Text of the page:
Department: Clinical Science and Services

Campus: Hawkshead

Research Groups: CPCS (Research Programme)

Clinical Groups: Small Animal Internal Medicine

Research Centres: Clinical Investigation Centre

MRC Clinician Scientist Fellow

Professor of Veterinary Clinical Genetics

RCVS and European Specialist in Small Animal Medicine

After graduating from Cambridge Veterinary School, where I completed an intercalated degree (Part II) in Pathology, I spent several years in small animal practice. On completion of my RCVS Certificate in Small Animal Medicine, I joined the RVC as a PhD student in 2001 and undertook a PhD in canine diabetes mellitus, supervised by Prof. Brian Catchpole. After this, I undertook residency training in Small Animal Medicine at the Queen's Veterinary School Hospital in Cambridge, where I passed my RCVS and European Specialist exams in 2006.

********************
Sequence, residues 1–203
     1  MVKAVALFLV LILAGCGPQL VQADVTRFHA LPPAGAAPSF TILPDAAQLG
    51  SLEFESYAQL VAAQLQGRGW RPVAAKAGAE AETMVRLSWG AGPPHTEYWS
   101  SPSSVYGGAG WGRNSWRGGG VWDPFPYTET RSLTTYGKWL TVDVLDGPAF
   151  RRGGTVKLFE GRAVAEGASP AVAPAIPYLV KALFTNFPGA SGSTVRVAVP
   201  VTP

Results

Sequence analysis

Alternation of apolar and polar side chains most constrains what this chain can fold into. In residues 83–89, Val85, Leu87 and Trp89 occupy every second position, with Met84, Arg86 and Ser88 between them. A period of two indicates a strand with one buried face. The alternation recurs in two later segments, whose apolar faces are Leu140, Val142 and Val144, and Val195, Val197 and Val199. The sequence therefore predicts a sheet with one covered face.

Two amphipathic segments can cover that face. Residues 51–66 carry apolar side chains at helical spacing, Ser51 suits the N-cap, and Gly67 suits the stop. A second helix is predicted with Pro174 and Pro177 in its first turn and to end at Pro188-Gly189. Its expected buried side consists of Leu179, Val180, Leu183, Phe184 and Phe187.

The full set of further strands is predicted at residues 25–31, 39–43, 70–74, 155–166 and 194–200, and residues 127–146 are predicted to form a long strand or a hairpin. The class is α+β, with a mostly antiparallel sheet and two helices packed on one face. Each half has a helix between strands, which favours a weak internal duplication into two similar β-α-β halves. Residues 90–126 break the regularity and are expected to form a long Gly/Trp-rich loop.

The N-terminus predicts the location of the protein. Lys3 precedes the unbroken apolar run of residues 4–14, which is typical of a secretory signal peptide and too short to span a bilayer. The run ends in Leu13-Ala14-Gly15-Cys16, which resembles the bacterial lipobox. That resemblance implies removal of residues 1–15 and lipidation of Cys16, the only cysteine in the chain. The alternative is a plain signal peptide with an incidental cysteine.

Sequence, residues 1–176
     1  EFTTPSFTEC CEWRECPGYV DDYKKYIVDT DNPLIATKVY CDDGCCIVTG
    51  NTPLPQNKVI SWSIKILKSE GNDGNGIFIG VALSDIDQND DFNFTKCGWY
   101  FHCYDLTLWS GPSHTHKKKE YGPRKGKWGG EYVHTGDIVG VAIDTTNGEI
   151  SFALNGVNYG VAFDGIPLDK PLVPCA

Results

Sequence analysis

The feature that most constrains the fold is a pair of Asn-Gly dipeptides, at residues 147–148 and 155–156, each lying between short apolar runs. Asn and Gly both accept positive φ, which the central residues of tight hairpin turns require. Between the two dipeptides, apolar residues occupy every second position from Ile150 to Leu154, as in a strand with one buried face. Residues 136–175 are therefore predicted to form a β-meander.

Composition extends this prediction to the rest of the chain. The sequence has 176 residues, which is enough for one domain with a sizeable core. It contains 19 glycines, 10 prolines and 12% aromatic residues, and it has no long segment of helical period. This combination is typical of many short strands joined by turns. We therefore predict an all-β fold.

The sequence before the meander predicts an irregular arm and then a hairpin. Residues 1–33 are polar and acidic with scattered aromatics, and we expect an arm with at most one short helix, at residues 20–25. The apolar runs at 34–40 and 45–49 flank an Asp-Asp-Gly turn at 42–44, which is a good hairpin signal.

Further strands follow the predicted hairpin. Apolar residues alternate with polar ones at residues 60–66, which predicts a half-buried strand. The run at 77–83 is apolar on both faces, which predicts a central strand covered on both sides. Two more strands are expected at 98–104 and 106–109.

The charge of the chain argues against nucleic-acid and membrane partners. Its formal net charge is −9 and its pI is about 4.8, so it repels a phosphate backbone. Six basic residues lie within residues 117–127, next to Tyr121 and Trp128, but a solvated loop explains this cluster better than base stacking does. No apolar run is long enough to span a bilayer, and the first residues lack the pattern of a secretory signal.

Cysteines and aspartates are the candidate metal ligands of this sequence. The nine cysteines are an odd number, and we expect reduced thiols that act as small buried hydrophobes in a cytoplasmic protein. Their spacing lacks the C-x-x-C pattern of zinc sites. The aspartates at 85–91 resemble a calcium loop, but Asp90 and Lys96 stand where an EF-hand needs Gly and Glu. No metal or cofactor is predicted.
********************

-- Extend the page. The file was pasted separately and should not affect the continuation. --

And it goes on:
After a period of time as a Clinical Physician in Cambridge, I was awarded a 4-year Wellcome Trust Intermediate Clinical Fellowship to join the Diabetes and Inflammation Laboratory in the Cambridge Institute of Medical Research, under the supervision of Prof. John Todd. This allowed me to combine veterinary clinical work with post-doctoral research in human type 1 diabetes genetics during the early post-GWAS era. Following this, I was awarded a Wellcome Trust Veterinary Postdoctoral Fellowship to undertake further post-doctoral training at the Wellcome Centre for Human Genetics at the University of Oxford, under the supervision of Prof. Chris O'Callaghan. In 2014, I became University Lecturer in Genetics and Small Animal Medicine and a Fellow of St Edmund's College, Cambridge and continued to combine genetics research in Oxford with veterinary clinical work in Cambridge.